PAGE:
And so the gap between the snapshot and you, in reality, the gap between your introject, the internal object that stands in for you, in the narcissist's mind, and you, this gap grows not only because of what you are doing.

This abyss opens up also because of the internal narrative of the narcissist. And this narrative is about how you are changing for the worse.

Nancis is a paranoid. They have persecutory delusions. They regard the world as a hostile place, how to get them, us Donald Trump.

The second process that happens with the narcissist, his point of view, is that you constantly blame shift. He thinks you're guilty. He thinks you've done something wrong. He thinks he is immaculate and innocuous and innocent. You keep blaming him for things. You keep assigning to him responsibility and guilt and accountability. And he resents this. He thinks you're manipulating him. He thinks you're playing with his mind. He thinks that's a power play and mind game that you have embarked on. He is bewildered. He's disoriented. You are his mother. You're a mother figure. Why are you doing this to him?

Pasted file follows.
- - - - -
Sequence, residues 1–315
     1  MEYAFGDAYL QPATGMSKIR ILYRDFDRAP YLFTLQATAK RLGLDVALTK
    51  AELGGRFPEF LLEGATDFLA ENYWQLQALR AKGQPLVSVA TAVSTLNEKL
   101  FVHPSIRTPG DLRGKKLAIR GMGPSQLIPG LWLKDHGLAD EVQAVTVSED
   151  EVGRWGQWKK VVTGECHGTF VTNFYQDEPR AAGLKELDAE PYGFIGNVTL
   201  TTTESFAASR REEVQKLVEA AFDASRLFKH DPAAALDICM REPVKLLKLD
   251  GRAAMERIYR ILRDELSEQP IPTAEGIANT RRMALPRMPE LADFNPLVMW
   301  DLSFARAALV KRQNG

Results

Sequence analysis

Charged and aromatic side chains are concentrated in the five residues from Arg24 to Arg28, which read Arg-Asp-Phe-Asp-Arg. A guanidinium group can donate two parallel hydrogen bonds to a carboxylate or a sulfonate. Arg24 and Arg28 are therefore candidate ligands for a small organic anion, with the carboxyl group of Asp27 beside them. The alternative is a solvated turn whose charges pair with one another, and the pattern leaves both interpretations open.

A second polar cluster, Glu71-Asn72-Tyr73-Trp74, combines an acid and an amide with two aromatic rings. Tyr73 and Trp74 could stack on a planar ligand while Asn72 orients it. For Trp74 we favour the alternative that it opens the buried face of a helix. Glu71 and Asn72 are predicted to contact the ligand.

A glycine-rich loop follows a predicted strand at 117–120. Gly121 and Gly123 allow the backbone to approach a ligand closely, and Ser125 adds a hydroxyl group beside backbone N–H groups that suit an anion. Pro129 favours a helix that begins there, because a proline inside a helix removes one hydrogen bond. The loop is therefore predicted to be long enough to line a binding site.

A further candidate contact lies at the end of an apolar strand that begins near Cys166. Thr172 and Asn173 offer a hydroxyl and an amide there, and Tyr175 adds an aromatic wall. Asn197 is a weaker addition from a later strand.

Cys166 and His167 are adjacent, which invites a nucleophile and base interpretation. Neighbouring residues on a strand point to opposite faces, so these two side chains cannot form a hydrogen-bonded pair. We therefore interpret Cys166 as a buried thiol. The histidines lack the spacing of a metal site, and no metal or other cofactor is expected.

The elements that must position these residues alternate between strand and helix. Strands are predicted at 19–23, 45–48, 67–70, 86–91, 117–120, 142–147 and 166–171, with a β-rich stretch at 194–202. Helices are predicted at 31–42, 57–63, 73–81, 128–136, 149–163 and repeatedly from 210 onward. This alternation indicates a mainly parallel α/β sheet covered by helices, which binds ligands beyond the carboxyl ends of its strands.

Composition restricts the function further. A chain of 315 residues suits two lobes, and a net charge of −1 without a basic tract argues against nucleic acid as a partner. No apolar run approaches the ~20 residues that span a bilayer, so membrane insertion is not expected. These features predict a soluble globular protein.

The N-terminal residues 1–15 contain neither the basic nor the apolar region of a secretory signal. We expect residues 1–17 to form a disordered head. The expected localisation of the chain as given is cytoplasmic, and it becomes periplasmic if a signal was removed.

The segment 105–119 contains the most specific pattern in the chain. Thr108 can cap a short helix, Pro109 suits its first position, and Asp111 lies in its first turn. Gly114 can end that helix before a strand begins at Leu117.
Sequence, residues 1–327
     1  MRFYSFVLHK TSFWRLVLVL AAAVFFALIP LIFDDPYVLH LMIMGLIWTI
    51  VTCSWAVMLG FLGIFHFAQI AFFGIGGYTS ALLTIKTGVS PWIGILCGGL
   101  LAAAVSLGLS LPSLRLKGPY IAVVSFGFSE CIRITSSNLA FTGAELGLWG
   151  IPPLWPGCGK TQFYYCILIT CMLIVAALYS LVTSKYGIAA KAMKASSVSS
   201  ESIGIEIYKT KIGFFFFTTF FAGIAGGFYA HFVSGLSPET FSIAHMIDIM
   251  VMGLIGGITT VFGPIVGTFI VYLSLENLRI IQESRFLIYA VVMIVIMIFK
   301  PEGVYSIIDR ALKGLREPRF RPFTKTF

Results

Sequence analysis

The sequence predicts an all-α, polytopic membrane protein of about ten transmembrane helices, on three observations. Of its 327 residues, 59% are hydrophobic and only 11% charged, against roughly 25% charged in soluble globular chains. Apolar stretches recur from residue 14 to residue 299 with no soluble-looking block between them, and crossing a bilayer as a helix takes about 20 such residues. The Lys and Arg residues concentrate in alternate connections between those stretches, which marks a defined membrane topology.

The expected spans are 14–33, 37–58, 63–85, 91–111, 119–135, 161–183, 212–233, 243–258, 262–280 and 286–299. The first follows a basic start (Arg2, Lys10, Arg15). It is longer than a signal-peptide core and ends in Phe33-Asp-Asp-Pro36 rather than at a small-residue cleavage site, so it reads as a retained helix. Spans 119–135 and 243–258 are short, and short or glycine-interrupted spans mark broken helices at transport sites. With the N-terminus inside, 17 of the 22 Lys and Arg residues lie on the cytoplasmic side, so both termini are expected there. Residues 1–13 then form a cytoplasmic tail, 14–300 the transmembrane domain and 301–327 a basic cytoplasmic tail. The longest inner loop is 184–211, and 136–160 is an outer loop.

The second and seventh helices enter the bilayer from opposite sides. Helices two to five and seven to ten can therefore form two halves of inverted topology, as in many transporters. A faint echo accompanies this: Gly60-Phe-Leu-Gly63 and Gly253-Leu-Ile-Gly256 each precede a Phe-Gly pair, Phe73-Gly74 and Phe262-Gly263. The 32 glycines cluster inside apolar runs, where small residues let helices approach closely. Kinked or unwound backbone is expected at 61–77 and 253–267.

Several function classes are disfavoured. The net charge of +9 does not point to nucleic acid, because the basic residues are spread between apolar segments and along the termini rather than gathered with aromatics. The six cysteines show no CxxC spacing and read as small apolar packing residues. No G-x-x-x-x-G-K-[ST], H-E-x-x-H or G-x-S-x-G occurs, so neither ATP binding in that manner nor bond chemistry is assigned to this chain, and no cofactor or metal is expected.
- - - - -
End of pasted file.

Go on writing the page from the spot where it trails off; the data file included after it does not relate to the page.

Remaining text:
And so whenever you disagree with the narcissist or criticize something or suggest something or prepare or suggest, give advice, the narcissist or even offer help, the narcissist perceives this as shifting the blame, counterfactually. The facts are in the narcissist's mind that he is blameless, that he is guiltless, that he doesn't deserve any of this and that what you're doing borders on malice.

Mind you, everything the narcissist thinks about you, everything he says about you may be true. Even narcissists get it right from time to time. And because it may be true, even in principle, it provokes in you profound self-doubt. You begin to ask yourself, maybe he's right. Maybe he has a point. Maybe I'm the narcissist. Maybe I'm misbehaving. Maybe I'm too onerous, ordinary, tough, harsh, strict. Maybe I should change my ways.